Attorney General Andy Beshear files lawsuit against Gov. Matt Bevin over university cuts
04/11/2016 09:37 PM
FRANKFORT – Attorney General Andy Beshear followed through with his promise to file legislation against Gov. Bevin over 4.5 percent cuts to higher education during this fiscal year.
The lawsuit filed on Monday in Franklin County Circuit Court questions Bevin’s authority to order the cuts to the budget passed two-years ago by the General Assembly.
Beshear contends that the cuts are illegal, violating Kentucky’s constitutional provision of separation of powers, as well as the governor’s constitutional duty to “faithfully execute” the law.
According to the complaint, the action by the governor further violates Kentucky’s statutes that govern budget reductions and specifically violates the 2014-2016 Biennium Budget law.
“No governor has the power to do what this governor has done, and I would sue any governor who did this, whether Democratic or Republican,” Beshear said. “Governor Bevin’s unilateral cuts in this current fiscal year violates our constitutions separation of powers where only the legislature can pass laws, appropriate, and spend tax dollars.”
Beshear further stated that he feels that Bevin knows that his actions were not legal, because of the way he handled a budget reduction for the Road Plan budget through an executive order. That reduction stated that consensus forecast group met and provided a forecast which presented a budget shortfall and cited a statute which requires a budget reduction.
“In the order, the governor returns to the Road Fund Budget Reduction Plan contained in the Road Fund budget which was passed into law just like the rest of the budget,” Beshear said. “The governor’s own executive order admits that this is where his authority to make reductions comes from. The consensus forecasting group, and or, an actual shortfall, and the actual budget document itself passed into law, and not some allocation or allocation statute.”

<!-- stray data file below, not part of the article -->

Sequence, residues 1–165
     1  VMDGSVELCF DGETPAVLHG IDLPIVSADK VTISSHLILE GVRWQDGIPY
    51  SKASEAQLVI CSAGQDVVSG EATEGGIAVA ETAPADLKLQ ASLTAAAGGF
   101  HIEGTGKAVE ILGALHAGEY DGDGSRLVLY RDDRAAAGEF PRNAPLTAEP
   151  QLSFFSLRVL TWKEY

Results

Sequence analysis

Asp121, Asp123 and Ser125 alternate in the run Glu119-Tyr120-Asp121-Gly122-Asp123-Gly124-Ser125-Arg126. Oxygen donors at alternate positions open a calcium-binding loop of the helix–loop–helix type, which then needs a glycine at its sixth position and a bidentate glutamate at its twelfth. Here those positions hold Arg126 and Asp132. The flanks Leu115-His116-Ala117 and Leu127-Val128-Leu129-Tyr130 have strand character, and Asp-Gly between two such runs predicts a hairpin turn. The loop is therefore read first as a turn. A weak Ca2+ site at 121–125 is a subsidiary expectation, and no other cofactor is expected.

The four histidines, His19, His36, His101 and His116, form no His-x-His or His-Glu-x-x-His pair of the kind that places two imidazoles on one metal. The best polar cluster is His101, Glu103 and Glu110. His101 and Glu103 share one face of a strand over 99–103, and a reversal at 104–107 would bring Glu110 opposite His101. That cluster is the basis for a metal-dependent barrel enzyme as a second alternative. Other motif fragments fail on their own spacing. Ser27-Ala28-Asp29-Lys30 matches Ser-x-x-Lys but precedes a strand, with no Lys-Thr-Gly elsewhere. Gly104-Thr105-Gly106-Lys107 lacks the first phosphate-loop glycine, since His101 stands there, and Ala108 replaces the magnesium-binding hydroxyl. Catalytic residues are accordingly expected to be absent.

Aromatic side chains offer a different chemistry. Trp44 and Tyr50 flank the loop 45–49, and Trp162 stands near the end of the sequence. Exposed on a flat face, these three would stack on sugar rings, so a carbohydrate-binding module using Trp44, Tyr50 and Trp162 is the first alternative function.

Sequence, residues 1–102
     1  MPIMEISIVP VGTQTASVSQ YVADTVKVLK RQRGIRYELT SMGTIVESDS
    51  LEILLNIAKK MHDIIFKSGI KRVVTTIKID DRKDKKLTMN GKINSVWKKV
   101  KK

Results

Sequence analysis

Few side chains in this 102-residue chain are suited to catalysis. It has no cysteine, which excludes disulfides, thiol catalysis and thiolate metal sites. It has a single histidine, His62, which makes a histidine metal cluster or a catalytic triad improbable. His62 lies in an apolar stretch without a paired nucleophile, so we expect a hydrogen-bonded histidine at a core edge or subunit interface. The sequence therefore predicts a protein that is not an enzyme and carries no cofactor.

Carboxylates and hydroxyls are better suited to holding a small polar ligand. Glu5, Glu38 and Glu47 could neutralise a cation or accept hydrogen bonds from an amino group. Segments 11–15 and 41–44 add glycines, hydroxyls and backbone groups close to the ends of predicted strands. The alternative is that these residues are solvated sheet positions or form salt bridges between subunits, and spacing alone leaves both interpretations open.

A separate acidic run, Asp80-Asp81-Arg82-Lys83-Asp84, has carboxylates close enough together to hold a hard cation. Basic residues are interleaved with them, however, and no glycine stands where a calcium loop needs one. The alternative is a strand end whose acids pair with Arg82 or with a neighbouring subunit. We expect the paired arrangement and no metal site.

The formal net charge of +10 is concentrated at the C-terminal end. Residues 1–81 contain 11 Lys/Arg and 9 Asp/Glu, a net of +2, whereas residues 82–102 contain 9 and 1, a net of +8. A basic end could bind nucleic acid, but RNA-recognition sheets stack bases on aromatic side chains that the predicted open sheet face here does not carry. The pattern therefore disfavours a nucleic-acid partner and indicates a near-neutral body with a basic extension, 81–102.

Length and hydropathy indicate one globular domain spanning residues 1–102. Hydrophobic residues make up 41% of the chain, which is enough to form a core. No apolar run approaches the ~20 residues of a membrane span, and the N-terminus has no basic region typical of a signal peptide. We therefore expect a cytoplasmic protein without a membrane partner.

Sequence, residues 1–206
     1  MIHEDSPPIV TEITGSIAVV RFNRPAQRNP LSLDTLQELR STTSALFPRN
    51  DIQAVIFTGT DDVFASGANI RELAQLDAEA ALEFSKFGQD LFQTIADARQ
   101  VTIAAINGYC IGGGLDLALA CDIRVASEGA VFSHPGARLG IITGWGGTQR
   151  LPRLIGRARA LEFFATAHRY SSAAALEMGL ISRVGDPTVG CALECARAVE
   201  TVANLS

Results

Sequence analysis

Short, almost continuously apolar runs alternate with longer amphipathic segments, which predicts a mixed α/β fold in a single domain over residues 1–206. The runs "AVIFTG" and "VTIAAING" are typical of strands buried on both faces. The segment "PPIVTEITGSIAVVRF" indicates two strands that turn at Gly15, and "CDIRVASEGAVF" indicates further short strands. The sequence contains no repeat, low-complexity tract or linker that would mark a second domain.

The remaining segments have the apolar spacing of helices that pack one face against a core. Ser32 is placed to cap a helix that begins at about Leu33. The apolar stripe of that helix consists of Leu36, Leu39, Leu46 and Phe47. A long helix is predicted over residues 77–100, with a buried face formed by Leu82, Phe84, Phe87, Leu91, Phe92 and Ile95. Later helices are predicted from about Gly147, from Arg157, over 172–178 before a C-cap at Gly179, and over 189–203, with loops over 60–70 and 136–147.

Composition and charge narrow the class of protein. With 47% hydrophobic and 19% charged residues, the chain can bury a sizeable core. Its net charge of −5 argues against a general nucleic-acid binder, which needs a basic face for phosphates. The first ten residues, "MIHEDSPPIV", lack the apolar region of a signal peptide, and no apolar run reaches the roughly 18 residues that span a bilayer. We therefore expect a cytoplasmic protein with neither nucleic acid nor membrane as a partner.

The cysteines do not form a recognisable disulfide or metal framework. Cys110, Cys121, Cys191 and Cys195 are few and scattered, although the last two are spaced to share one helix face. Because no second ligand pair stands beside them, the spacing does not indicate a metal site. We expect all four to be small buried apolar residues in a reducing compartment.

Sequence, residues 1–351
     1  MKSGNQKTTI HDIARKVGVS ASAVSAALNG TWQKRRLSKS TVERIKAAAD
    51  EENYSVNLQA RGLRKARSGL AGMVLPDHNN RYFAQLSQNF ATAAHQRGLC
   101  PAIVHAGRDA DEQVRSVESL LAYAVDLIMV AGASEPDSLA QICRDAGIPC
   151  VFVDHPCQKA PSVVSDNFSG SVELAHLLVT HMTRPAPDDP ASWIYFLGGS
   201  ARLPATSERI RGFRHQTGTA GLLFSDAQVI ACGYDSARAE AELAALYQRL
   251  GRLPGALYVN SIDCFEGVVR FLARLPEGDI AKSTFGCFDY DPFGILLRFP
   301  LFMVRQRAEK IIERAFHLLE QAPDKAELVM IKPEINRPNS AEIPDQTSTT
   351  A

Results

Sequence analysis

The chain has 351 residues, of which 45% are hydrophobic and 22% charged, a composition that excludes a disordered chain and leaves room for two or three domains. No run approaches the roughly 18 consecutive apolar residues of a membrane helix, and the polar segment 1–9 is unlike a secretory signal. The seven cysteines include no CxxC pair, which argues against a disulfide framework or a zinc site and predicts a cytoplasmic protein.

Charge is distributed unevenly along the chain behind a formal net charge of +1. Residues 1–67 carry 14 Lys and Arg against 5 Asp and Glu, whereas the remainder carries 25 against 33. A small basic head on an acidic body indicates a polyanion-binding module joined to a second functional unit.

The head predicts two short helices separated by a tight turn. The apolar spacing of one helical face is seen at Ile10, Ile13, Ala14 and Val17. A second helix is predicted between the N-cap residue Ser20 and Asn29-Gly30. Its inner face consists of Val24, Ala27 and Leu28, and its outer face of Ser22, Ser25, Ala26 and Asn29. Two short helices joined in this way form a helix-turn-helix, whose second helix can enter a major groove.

Beshear also questioned the cuts to higher education saying that it will lead to hard working Kentucky families paying even more for higher education.
“University presidents themselves are not going to absorb any budget cuts, it will be the current and future students,” Beshear said. “Make no mistake, tuition will go up. It always has when there are cuts.”
Beshear decided that he didn’t want to wait to see a final budget agreement before filing the suit because he wants Bevin to understand the legalities that he must work under in making any future budget decisions.
“The only way to dissolve this issue is for the court to not only declare this order illegal, but also that the governor does not have this power, or for the governor to agree in this settlement, that he does not have this power, and would not try to do it again,” Beshear said.
Beshear says that he’ll seek a hearing on a temporary injunction Thursday before Judge Thomas Wingate.
Gov. Bevin claimed partisan politics were at play with the lawsuit after Beshear’s former Deputy Attorney General Tim Longmeyer was charged with bribery from a previous stint in state government as the head of the Personnel Cabinet.
“As best we can make sense of his rambling press conference, we strongly disagree with the Attorney General and will respond as necessary in court,” Bevin said in a statement. “Given the amount of alleged corruption and personnel problems in the Office of Attorney General and his father’s administration it is clear that he is attempting to deflect attention away from his own challenges.”
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